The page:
Louise can probably thank her Father, a keen photographer, for getting her in to photography. She received her first camera at 8 years of age and was encouraged to take photos, embracing it immediately. The interest only grew through school and university and reached a point where Louise wanted to make her living with photography. Now having achieved her ambition she works with newspapers, chefs and book publishers who commission her to shoot their food imagery. In our interview Louise tells us about her career.
How did you get in to photography?
My parents gave me a camera when I was about 8 and encouraged me to take photos. My dad documented our family life with a camera when I was growing up, so there was always a mountain of photo albums around to look through. I liked adding to the albums of family holidays. Then when I was at school, I really enjoyed art classes and built installations that had photographic elements. I planned to study Fine Art, but I fell in love with the photography process during my Art Foundation and pursued that instead. In my final year of uni I pretty much spent the entire time in dark rooms developing photos that I turned into books about my home life. I think my interest in still life and using photography as a way to communicate ideas really started there.
Whatís your photography education?
I did GCSE Photography, then went on to get a BTEC Diploma Art & Design Foundation, and a 1st Class BA Hons. Photographic Arts. I learned a lot from doing these formal qualifications and got to indulge myself in my ideas. But the best education Iíve had is on the job experience working with other photographers in studios and on shoots when I started out assisting.
Why did you decide to become a commercial photographer?
I wanted to earn my living from being a photographer. I like the variety of working with different teams and briefs. To have a creative input in communicating an idea. Working commercially also helps to fund personal projects.
How did your career pan out?
After uni I got a full time job as a studio assistant in an in-house photographic studio shooting a large variety of products. I was taught how to light, the different professional softwares and trained up to be a photographer, which then expanded from shooting still life to photographing models. After doing this in different studios for about 6 years, I went travelling and then tried freelancing. I wanted to learn about the different types of photography and see where I would fit. I assisted a variety of photographers, and learned lots on shoots. But it was assisting a food photographer on some cookbooks which really opened my eyes to what I wanted to pursue as a career. I was testing my own still life ideas which featured food as beautiful object rather than just something to eat. I started testing with food stylistsí assistants to build up more of a ĒclassicĒ food portfolio and then started to make appointments to show my work to magazines and publishers. Wanting to shoot my own work and submitting shoots meant I had to stop assisting, which pushed me to make a living from taking photos. I contacted photography agents which led to representation and bigger commercial commissions. My agent (Burnham Niker) has been a fantastic support and really encouraged me to develop my work.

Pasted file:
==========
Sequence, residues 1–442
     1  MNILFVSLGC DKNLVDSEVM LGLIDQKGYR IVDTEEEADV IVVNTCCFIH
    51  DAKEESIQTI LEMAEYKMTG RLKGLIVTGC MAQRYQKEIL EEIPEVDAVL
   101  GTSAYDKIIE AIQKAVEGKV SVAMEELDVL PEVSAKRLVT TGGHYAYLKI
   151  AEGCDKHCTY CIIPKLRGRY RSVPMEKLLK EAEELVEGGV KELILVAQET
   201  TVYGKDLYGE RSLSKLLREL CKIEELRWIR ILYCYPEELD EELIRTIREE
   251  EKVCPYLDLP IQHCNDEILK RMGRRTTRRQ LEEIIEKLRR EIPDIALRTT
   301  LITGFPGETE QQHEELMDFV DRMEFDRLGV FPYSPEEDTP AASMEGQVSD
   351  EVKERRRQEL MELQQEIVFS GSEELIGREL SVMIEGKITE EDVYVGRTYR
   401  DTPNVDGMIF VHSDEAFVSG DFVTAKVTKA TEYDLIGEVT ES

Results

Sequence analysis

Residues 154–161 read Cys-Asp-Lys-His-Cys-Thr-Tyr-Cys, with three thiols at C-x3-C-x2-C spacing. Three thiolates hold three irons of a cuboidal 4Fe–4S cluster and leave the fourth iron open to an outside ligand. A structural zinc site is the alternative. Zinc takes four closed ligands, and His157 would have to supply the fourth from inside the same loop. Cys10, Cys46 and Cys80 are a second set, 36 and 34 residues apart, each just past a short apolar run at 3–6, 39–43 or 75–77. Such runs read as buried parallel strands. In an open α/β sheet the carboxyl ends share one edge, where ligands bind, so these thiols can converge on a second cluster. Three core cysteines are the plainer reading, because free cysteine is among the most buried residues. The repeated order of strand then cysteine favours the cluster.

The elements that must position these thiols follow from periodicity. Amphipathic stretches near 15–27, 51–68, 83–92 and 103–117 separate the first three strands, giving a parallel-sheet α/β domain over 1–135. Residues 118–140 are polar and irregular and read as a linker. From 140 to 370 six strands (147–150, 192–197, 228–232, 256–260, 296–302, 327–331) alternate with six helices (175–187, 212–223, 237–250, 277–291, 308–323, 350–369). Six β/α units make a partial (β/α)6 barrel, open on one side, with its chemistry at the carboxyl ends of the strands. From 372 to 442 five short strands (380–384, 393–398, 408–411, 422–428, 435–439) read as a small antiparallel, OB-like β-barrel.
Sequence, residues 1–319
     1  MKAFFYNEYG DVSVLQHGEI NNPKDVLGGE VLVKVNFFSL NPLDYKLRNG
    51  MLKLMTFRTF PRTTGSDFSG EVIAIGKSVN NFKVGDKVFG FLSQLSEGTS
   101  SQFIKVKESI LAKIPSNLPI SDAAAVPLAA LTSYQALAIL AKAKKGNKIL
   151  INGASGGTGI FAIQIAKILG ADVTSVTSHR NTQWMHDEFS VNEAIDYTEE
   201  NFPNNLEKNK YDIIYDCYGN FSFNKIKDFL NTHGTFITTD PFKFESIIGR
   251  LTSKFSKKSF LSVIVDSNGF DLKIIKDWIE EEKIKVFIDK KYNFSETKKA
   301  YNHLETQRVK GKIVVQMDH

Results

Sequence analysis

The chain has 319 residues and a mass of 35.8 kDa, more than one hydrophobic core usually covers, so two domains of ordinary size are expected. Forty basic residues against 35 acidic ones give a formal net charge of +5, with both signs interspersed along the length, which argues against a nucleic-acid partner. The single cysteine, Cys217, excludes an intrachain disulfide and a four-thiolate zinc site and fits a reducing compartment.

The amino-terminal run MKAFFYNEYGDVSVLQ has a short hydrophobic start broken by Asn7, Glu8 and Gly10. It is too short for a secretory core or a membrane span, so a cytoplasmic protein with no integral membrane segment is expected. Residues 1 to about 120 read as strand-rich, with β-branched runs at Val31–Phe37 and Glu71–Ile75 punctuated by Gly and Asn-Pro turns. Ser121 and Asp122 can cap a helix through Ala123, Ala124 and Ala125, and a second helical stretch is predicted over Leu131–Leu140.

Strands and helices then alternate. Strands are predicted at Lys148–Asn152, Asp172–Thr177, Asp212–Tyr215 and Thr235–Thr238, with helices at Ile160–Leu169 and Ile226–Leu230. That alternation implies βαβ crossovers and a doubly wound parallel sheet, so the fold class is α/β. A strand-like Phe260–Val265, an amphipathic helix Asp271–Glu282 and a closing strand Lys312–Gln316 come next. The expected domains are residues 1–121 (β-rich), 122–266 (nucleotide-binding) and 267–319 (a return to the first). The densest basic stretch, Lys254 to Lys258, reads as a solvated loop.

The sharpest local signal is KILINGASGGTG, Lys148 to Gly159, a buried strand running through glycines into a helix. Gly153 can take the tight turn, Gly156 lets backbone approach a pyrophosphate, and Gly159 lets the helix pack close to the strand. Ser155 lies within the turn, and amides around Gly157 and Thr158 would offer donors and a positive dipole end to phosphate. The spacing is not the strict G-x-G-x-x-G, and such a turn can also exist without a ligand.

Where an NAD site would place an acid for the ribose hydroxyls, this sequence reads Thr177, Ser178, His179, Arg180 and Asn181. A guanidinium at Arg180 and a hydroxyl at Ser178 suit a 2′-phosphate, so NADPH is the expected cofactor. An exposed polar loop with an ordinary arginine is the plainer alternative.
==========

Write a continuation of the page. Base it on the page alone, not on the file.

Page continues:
How does a food photographer develop a style?
I donít think I was fully aware of having a style when I first started out. I was just producing photos that I liked. Testing regularly helps develop ideas and allows you to photograph what youíre interested in. The more you shoot, the more you discover what you like and what youíd like to develop further. I try to always be looking, observing, being curious for new ideas. I keep an ideas book to note down ideas for new shoots. Since school Iíve pulled out tear sheets from magazines, visited exhibitions, talks, travelled, looking at difference sources for inspiration. There isnít enough time in the day to scroll through the mass of visual stimulus on Instagram and Pinterest, which are great sources to spark ideas and see what people from all over the world are interested in. Especially because you can contact people who you might not even know, but you love something they also think is cool too, and you can start a conversation. I love that!
How important is a style to you?